Tear down more state youth prisons, and spend the money saved on community-based alternatives to incarceration. Doing so, juvenile justice advocates tell the Juvenile Justice Information Exchange, would reduce youth crime and recidivism, keep nonviolent offenders from being incarcerated, save states millions of dollars and help the juvenile justice system live up to its mission to rehabilitate, not warehouse, youths. The Obama administration asking Congress to fund a $30 million initiative known as “Smart on Juvenile Justice.” It is designed to help states decrease youth incarceration while increasing community-based alternatives to locking kids up and reducing racial and ethnic disparities.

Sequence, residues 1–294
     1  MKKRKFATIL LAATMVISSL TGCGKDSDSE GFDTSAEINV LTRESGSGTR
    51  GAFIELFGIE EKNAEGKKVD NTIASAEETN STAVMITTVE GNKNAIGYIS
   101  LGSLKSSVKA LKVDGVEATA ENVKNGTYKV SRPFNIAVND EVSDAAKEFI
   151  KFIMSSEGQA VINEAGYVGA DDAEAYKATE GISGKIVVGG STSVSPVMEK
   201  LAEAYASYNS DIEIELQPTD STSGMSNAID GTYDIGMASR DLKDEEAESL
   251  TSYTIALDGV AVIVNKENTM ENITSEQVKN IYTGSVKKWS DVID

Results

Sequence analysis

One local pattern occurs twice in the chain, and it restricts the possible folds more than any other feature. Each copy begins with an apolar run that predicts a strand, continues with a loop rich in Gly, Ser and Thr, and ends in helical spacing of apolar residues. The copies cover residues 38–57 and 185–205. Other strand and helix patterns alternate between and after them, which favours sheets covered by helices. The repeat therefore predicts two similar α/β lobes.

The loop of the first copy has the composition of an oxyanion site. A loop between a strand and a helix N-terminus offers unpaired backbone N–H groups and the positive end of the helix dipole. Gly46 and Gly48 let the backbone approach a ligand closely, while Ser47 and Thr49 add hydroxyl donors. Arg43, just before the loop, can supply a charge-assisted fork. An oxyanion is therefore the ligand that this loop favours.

“The Smart on Juvenile Justice Initiative will drive nationwide system reform, guiding states toward a developmentally informed approach that maximizes cost savings and strategically reinvests those savings into efforts that improve outcomes for youth,” said Robert Listenbee, head of the Justice Department’s Office of Juvenile Justice and Delinquency Prevention. The Obama administration has funded a pilot of the program, rolled out last year in Georgia, Hawaii and Kentucky, working with private foundations and the Pew Charitable Trust’s Public Safety Performance Project. The states, each of which received $200,000, worked to divert youths from the juvenile justice system, provide community-based alternatives, decrease correctional spending, and improve public safety.